Lights out for Paris with Miu Miu, Xuly.Bët and Ungaro
The marathon of women's ready-to-wear shows for spring-summer 2023 ended on Tuesday with many surprises. The designers once again gave their vision of the tragic times the world is going through, with true manifesto collections. From Miu Miu's call for simplicity to Xuly.Bët's ecological alert, via Ungaro's quest for positivity.
Miu Miu condenses in one collection the new ideal wardrobe, both easy and special, sporty and chic. Miuccia Prada starts with her most classic pieces - the jacket, the coat, the shirt, the pleated skirt and the knitwear - which she mixes and revisits with subtlety. The result is a very Prada Miu Miu collection. A collection that also seems to be strongly linked to the Milanese label's flagship line, presented last week in Milan in a spirit of new austerity.
Thus, the mini silhouette is constructed as simply as possible from a layering of white and grey T-shirts over ultra-fine beige or light grey knitwear. The men's jacket is slipped over a bra and, optionally, a pleated or wrap skirt in grey flannel and black wool.
This summer's dressing room cannot miss the house's emblematic nylon, which plays the starring role, in white shirts, skirts and little dresses with zips at the front or back, or in dresses with straps gathered at the neckline. This ultra-light fabric is also used, of course, as a windbreaker in collared shirts or in a khaki version worn inside out for a blouse effect.
Leather is used in this urban wardrobe, at first in small details, in overskirts with large patch pockets, a bit like a fanny pack. Good old worn leather, which the designer also uses to cut large sleeveless coats, waistcoats or jackets, all of which also have maxi pockets. Smooth, lighter leather is used to make shirts, skirts, trousers and shorts in different colours. In another variation, the same pieces are cut from faded denim to give them the same leather wear.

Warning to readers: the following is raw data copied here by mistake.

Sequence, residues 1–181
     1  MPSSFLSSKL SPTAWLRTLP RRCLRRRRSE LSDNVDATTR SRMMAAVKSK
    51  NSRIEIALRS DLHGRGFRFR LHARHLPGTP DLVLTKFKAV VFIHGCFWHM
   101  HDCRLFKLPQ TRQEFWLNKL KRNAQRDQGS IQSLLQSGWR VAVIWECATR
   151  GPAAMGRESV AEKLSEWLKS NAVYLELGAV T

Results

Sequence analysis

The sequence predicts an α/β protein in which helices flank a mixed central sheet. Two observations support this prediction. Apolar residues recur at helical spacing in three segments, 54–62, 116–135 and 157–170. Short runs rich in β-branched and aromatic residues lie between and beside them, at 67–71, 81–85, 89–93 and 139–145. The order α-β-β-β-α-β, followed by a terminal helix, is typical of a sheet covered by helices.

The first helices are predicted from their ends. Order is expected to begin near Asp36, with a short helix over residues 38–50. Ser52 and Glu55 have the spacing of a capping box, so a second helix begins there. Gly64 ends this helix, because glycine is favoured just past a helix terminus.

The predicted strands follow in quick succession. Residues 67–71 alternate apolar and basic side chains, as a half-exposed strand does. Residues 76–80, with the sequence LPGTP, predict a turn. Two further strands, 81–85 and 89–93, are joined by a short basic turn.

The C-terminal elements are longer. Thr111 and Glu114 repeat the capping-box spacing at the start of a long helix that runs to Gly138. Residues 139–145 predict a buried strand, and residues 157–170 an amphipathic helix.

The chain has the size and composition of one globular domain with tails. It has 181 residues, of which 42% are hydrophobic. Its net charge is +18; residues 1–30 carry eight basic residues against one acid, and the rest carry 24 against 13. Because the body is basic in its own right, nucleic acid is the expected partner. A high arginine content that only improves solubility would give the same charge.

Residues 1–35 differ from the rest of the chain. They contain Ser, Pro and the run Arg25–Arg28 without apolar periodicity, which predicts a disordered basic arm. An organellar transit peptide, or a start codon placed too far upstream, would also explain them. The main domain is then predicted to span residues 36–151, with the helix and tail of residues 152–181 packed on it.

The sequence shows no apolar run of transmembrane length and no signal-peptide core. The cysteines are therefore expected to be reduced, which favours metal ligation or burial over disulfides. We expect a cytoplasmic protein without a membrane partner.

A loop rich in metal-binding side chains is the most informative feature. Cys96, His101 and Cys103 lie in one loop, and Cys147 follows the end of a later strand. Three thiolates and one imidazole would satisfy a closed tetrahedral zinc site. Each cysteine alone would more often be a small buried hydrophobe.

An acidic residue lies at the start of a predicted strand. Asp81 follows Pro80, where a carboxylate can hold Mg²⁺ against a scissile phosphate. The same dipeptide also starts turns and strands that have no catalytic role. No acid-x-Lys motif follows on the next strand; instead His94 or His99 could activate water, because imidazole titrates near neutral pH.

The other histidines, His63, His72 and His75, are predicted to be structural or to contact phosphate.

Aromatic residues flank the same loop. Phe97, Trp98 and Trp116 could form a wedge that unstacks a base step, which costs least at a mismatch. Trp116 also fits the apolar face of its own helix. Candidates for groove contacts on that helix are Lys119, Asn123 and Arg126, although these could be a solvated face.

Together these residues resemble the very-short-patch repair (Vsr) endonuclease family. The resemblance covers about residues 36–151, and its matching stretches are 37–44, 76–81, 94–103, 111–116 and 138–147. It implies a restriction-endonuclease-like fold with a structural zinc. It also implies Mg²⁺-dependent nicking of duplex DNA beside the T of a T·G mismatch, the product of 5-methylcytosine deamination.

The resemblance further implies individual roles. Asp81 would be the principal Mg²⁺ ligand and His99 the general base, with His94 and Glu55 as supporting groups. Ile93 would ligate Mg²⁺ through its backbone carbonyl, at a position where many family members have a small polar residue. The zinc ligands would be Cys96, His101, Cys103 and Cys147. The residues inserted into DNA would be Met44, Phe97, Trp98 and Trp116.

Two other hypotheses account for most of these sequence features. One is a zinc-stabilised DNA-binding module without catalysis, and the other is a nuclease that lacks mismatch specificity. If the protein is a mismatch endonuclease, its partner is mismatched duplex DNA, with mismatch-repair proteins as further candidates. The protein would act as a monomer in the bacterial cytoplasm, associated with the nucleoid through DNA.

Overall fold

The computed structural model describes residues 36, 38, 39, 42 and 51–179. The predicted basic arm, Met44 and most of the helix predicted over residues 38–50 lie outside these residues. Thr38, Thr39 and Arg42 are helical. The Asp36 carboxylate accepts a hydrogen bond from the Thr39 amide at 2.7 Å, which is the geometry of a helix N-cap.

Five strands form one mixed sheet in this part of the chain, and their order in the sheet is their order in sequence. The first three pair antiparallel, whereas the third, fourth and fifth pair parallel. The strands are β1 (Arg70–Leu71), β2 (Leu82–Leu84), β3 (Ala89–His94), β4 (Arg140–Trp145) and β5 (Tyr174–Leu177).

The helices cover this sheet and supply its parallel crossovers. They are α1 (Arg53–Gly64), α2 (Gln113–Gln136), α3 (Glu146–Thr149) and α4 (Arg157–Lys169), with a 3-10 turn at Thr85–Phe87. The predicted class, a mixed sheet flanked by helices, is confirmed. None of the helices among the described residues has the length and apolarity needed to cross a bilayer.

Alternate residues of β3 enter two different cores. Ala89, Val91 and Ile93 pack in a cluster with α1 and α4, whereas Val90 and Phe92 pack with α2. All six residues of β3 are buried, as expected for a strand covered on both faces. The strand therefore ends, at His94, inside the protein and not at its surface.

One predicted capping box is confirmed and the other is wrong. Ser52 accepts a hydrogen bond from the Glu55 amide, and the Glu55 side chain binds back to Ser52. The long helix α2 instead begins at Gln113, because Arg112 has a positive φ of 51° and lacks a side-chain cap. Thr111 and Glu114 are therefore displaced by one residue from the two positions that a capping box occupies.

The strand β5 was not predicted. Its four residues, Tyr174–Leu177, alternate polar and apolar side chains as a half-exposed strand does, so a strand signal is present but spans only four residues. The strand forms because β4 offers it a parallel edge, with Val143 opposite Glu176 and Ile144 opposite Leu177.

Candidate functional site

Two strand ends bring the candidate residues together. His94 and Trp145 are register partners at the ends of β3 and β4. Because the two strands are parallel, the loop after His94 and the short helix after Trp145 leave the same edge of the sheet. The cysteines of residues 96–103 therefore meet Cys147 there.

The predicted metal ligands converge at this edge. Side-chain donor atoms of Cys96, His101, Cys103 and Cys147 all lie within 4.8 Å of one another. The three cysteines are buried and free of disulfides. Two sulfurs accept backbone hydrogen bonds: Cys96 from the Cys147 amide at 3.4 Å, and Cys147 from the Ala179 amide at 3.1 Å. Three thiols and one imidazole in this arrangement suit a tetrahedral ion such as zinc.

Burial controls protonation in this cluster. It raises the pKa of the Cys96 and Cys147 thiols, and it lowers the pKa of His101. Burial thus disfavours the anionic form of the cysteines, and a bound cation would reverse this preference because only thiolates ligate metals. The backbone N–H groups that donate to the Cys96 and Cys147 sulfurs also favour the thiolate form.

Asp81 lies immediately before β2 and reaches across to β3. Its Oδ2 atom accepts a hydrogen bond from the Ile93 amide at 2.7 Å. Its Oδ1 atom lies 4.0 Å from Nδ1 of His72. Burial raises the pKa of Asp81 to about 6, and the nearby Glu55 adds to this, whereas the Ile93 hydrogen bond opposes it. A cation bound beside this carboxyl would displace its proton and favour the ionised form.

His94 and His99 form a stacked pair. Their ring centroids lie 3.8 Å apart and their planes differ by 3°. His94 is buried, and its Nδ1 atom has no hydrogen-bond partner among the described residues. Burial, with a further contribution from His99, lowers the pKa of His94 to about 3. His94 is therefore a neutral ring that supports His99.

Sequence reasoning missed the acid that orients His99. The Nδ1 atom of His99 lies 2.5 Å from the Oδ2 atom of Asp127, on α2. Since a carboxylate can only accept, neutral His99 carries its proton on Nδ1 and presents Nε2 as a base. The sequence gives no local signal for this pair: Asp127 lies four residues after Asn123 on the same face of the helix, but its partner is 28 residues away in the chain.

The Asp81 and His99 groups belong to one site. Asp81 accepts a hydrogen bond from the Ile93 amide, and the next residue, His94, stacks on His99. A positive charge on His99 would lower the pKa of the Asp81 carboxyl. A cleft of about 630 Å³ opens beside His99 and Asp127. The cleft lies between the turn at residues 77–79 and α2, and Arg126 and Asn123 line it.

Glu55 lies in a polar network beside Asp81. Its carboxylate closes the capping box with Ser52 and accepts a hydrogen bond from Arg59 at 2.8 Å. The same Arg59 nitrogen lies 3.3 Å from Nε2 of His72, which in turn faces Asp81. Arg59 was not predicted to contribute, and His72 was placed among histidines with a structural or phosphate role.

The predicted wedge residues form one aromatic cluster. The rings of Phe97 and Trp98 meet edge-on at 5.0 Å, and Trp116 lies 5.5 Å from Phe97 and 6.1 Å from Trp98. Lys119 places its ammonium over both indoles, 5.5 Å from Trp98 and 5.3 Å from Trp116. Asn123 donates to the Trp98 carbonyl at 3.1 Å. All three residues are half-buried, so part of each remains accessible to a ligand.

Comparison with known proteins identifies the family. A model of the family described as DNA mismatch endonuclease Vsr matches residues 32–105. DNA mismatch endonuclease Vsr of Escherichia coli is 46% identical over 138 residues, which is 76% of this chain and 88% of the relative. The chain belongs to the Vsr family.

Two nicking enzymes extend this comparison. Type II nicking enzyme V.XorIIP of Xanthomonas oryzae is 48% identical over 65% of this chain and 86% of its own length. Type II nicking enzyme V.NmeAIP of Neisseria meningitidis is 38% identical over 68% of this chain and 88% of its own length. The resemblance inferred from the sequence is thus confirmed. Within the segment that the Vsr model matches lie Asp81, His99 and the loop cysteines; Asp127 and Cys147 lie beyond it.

In the evening, the Miu Miu girl has fun with transparencies. A simple layer of impalpable fabric is all that is needed to compose a top and a skirt, placed directly on the body, which is sometimes illuminated with stones and crystals.
A change of scenery with Xuly.Bët, who closed fashion week on Tuesday evening with a memorable and energetic public show in the heart of Paris, just behind the town hall. An environmentalist before his time, the designer Lamine Badian Kouyaté, originally from Mali, chose the Place Baudoyer, where the Climate Academy is located, to celebrate the 30th anniversary of his brand. The idea was for the runway to be in the building, but this was refused. He had nevertheless been granted permission to hold his show in the square, but was turned away at the last minute.
He therefore retreated to the neighbouring François Miron street, bringing with him a large and friendly audience. As the sound system was also forbidden, the models went out without music, accompanied only by a small speaker in their hands, encouraged by the "ouh ouh" and applause of the public.
Perched on transparent high-heeled sandals with gaiters and split skirts, or in shimmering dresses and tops and white Catwoman suits, they made their way down the catwalk to the cheers of the audience.
"Bravo!" from the fans. Some of the girls responded by improvising a dance step in front of a few bewildered passers-by, while buses and taxis continued to pass by in the street.
A joyful atmosphere, from which the name of the brand seems to have taken all its meaning. Xuly.Bët means "open your eyes" in Wolof. "For 30 years, we have been alerting everyone to the damage our profession is doing to the planet. Today, the world is burning, but nothing is happening. We have to shout," said Kouyaté backstage at the fashion show. Self-taught, he switched to fashion after studying architecture, and from the outset the designer seduced people with his approach, recycling clothes salvaged from second-hand stores to make unique pieces. Transferred to New York in 2015, he made his big return to the Parisian catwalks in 2020.
Make way for lightness and colour at Ungaro. "With fashion, we have the power to make people smile and bring them joy. I wanted to inject a little beauty into a world that is not really beautiful at the moment," says creative director Kobi Halperin, who was inspired by Gauguin's trip to Haiti for next summer. "Paradise is not only there, it can also be here and in our heads. That's why I wanted to create something special and exotic.
The designer drew from the archives while reflecting on the evolution of today's woman, for whom he designed an effortless and airy wardrobe, emphasising movement with "sexy and elegant" fringed dresses. Vapid yellow or turquoise dresses feature the iconic Diva pleat, light blouses are embellished with embroidered flowers, and vestal draped outfits are printed with lush carnation flower motifs.
White cotton lace jackets let the air flow. Stretch silk tops are paired with fringed cropped trousers. Everything is light and fluid.
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